Israel’s enemies are committing numerous war crimes by, amongst other actions, deliberately targeting non-combatants, attempting genocide against the Jewish people and locating their military assets amongst civilians and civilian infrastructure.  

Alan Baker, a former Israeli ambassador to Canada and Foreign Ministry legal adviser, has repeatedly and persuasively argued that Israel is abiding by international law while its enemies are not.

Nonetheless, in “Israel under fire: Can international law cope with terror?” Baker concludes that the “essential question still remains as to whether” the “international community” will “adapt international humanitarian law to the urgent and vital needs of today in dealing with modern terror.”

Baker cites the 1970s Protocols to the Geneva Conventions as providing ammunition to those claiming Israel is violating international law. The Protocols, especially the provisions criticized by Baker, are a perversion of international law. For example, they give preferential treatment to those “fighting against colonial domination and alien occupation and against racist regimes in the exercise of their right of self-determination.”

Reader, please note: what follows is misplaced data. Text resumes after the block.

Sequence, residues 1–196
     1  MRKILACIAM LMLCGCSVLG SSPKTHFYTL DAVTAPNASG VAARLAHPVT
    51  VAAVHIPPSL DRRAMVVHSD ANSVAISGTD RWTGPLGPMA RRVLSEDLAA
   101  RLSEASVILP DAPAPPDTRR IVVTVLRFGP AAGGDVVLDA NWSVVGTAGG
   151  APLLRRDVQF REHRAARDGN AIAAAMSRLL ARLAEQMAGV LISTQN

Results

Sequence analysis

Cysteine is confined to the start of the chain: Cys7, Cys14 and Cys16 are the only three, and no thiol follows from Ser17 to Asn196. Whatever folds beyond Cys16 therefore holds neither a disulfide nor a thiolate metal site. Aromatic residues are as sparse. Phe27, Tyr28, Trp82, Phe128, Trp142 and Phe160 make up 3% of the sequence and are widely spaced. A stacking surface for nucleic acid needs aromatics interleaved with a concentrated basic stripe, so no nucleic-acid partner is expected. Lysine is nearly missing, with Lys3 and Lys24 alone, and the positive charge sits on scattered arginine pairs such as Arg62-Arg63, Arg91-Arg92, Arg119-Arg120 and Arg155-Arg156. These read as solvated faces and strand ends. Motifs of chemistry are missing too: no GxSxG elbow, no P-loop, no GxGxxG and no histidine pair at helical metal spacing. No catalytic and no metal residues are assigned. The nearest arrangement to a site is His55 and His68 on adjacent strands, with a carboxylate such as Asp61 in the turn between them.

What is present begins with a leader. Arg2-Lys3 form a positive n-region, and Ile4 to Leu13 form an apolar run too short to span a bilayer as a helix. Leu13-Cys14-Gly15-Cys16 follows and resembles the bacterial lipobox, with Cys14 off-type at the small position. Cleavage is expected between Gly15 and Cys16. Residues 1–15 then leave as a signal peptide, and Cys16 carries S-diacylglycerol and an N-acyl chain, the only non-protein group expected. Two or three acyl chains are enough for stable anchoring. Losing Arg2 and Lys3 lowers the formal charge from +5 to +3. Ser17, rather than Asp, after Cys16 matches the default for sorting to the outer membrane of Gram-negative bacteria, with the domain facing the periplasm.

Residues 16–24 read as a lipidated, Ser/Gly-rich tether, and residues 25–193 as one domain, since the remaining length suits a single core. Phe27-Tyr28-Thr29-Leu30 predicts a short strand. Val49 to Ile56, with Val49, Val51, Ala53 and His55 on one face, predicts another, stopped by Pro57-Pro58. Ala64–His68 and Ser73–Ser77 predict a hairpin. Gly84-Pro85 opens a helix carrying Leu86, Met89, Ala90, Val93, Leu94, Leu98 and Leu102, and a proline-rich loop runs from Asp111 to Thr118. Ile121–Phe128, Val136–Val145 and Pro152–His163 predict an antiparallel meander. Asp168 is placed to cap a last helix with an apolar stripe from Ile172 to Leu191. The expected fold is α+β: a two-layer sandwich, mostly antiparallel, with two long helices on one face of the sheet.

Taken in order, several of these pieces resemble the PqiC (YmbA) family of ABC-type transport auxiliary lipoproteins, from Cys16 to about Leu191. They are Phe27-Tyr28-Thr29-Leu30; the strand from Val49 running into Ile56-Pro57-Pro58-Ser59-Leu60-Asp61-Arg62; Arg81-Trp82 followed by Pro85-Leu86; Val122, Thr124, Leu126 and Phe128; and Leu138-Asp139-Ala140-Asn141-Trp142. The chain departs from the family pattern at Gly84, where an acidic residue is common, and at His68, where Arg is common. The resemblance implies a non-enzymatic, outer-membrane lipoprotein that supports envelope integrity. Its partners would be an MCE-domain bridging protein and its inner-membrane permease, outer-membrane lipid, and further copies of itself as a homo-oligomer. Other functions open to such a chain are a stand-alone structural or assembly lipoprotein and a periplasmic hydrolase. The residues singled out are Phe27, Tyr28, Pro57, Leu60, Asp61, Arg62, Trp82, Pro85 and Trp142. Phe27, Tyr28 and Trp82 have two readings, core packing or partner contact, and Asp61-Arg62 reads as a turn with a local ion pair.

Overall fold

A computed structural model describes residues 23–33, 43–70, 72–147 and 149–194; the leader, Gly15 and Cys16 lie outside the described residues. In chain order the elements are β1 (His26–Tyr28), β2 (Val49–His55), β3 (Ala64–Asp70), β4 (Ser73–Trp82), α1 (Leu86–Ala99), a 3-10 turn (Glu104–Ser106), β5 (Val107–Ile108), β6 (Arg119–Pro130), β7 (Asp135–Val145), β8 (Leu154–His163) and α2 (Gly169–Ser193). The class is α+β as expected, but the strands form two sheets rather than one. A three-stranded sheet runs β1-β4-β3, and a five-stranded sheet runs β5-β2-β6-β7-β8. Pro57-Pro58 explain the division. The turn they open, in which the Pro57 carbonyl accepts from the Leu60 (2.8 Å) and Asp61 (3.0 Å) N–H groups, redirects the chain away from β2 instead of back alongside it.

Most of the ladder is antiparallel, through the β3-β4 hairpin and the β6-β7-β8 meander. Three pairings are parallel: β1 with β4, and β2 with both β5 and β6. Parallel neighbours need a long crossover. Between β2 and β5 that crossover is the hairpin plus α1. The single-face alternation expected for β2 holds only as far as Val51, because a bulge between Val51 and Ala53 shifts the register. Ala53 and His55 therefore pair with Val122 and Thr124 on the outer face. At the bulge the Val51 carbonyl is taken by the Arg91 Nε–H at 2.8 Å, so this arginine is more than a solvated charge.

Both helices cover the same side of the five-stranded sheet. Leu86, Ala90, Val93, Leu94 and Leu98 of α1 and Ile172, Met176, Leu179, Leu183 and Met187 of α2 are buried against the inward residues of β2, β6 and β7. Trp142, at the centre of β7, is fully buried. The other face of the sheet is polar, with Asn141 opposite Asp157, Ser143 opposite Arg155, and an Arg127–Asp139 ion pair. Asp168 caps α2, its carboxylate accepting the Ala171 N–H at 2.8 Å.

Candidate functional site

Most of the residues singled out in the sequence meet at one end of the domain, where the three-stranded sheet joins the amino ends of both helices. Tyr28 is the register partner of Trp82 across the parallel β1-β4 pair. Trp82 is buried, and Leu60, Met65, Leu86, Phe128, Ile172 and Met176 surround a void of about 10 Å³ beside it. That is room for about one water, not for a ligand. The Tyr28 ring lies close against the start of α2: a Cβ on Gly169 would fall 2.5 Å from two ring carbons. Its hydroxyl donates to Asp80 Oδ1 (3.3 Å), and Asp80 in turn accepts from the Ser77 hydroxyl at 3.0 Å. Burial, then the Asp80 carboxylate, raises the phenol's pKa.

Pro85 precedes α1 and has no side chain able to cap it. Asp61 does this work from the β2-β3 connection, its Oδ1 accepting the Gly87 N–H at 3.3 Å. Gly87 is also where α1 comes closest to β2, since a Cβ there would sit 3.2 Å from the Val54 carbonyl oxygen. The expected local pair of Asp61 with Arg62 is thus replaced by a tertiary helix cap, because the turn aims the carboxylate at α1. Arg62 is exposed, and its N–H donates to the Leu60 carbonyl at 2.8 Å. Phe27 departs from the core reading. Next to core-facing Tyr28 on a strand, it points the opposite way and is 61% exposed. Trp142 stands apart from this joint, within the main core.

Those provisions and many others in the Protocols are not binding international law on countries that have (wisely) not ratified the protocols, such as Israel and the United States—as even the Biden administration acknowledges in the Department of Defense Law of War Manual, updated just this past July. There is zero state practice that would make these provisions customary international law.  

It is true that the Protocols purport to grant privileged status to certain combatants even if they do not wear insignia or always carry their weapons openly. But this is not international law. 

In any case, there is nothing in the Protocols that permits attacks such as Oct. 7 or prohibits Israel’s right to self-defense. 

The problem is not that the United Nations believes the Protocols constitute binding customary international law. It is not as if Israel’s critics defend its military campaign and criticize Hamas for targeting civilians and hiding amongst civilians, but defend Hamas not wearing uniforms, as arguably permitted by the Protocols.